Baking the creative from scratch


ingredients_small.jpgADOTAS – We live in a world of “found” creative. And the sword is double-edged. While it’s contributed, certainly, to the efficient execution of our ideas — a good thing — it’s also tended to homogenize those ideas. Not a good thing. At the very least, it warrants discussion.

First let me explain what I mean by “found” creative. When an art director, designer, or creative team begins an assignment these days, one of the first places I’ll find them digging for ideas is in the vast catalogs of stock imagery and footage available online.

The piece is about something sour? Find a picture of a lemon. Simple, efficient, quick, and usually, well within budget. But, is there something missing? I think so.

I think four distinct mindsets — separate, but frequently combined — have given birth to this instinctual hunt for existing assets — and its newfound place ahead of original thinking in the timeline of creativity. And they’re all products of the digital space in which we create.

First, digital, as a space, a culture, and a generation, has a strong DIY ethic. For many digital creatives, the end product is something they’ve pretty much always had to build themselves. They’re not used to having the luxury of a budget or timeline that allows for creating original imagery, so they’ve developed a fierce pride in their ability to make do with the resources at hand.

Second, there’s cost. While we’ve come a long way with this mindset, digital executions are still seen — by clients, and by agencies — as the way to deliver when budgets are tight. Digital is cheap, or so the thinking goes. The problem with that thinking is that it doesn’t include a definition for “cheap.”

When compared to a 60-second spot buy on the Super Bowl, it’s a pretty sound bet that your digital execution should, and will, cost less. How much less, though, is relative — to the idea, and to the goals for the piece. In the world of television, no one with any experience would assume that an intern-executed, low-quality camcorder commercial could ever compete with a network-level spot in terms of quality or viewer engagement.

Yet that very assumption is made every day, hundreds of times, in the online space. To be fair, online, there are success stories that feature no-budget content. But a simple look at the sheer volume of online content tells you quickly that those successes are the exception, rather than the rule.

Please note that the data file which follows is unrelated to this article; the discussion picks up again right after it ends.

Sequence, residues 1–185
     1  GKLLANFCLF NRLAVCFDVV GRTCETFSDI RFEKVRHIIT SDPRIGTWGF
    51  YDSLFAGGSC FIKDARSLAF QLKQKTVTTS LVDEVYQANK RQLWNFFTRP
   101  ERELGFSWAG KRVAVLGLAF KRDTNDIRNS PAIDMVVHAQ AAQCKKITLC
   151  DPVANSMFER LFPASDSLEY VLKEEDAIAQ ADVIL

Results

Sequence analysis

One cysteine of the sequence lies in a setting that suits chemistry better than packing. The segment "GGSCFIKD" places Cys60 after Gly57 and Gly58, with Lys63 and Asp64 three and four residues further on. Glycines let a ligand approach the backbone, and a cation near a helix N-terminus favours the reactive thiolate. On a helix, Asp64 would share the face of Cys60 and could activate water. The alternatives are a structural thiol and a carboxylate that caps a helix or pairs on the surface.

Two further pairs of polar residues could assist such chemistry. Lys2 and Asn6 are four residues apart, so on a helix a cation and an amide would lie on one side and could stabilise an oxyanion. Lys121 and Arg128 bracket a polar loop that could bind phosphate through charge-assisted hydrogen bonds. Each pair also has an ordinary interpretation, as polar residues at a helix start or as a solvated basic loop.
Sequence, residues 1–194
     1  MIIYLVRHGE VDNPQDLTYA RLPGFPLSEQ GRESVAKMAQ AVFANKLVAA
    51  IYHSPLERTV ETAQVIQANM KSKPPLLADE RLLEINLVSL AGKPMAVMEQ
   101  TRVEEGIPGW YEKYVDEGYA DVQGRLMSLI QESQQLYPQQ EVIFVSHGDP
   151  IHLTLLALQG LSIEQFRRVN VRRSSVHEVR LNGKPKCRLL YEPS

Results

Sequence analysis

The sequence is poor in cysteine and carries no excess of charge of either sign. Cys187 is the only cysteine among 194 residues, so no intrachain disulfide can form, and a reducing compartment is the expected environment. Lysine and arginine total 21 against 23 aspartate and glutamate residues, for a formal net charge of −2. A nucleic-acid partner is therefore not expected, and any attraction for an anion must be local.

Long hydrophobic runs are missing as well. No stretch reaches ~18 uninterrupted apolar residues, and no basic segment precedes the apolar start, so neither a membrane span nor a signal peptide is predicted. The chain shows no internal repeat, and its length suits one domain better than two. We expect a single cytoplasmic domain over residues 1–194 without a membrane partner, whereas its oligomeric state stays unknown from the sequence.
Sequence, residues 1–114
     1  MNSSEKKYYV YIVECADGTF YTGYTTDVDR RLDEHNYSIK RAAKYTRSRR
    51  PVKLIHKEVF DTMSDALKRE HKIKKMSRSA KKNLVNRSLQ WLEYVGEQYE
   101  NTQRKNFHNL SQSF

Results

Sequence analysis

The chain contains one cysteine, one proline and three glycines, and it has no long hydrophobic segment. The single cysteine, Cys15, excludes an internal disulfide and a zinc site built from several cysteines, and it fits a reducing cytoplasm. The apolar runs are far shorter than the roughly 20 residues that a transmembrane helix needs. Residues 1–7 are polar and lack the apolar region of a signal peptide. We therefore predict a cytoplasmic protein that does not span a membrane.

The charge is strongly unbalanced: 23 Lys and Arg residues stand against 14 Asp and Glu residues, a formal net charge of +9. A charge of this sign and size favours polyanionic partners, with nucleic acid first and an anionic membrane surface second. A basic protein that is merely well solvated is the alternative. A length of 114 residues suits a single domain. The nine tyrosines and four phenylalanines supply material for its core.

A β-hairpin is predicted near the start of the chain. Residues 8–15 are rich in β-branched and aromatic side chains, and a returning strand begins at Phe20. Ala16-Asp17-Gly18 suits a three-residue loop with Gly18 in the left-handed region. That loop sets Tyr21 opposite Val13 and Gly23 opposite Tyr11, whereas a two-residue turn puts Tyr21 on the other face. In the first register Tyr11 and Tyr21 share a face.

Third, there’s all the other stuff, beyond imagery and content, that goes into a digital experience. The action — the action you put into it and the action you want the user to take. In the digital world, this is a function of creative thinking, too. And it’s as important a function as any other portion of creative thinking.

But too often, we think about the UI without giving due credit to the full UE. And it’s the wrapping — the imagery — that contributes an emotional component to that UE.

The fourth mindset that contributes to the proliferation of found creative is also the simplest: There’s a lot of really good stuff to find. The well is deep. And most times, just what you’re looking for is a couple of clicks away.

Collectively, these four mindsets lead most creatives, and most clients, to the logical conclusion that many or even most times, it’s a prudent decision to use a wheel that’s already been invented. And frequently, that’s the right choice.

But sometimes, it’s merely the easy choice. There are times when the user experience and the brand will see much more benefit by making a much more difficult creative choice.

In another life, I directed fashion and fashion-inspired TV spots. The influences I studied for light, composition and attitude were the best in the business: Avedon, Newton, Ritts, et. al.

When those photographers captured an image for their advertising and editorial clients, they produced more than a picture of a woman wearing a dress. They put a stylistic subtext in the image that reflected on the brand. It also separated the brand from competitors who had no such subtext in their imagery.

Similarly, the historic Levi’s 501 Blues campaign made use of (for the time) non-model-looking models, a unique blue caste for the images and a signature camera style that separated the work from everything else on the air.

These are creative choices that contribute to the finished piece in ways that found creative — existing assets — can’t.

Yes, they’re budget decisions. And timing decisions. But they’re just as applicable online as they ever were in the pages of a fashion magazine, or in the commercial breaks between network shows.

Original thinking, combined with purpose-built content, can produce a final product that is stronger and better serves the brand. Almost always the best things you find can be found inside your head. And to truly see them come to life, you’ll have to make them from scratch.


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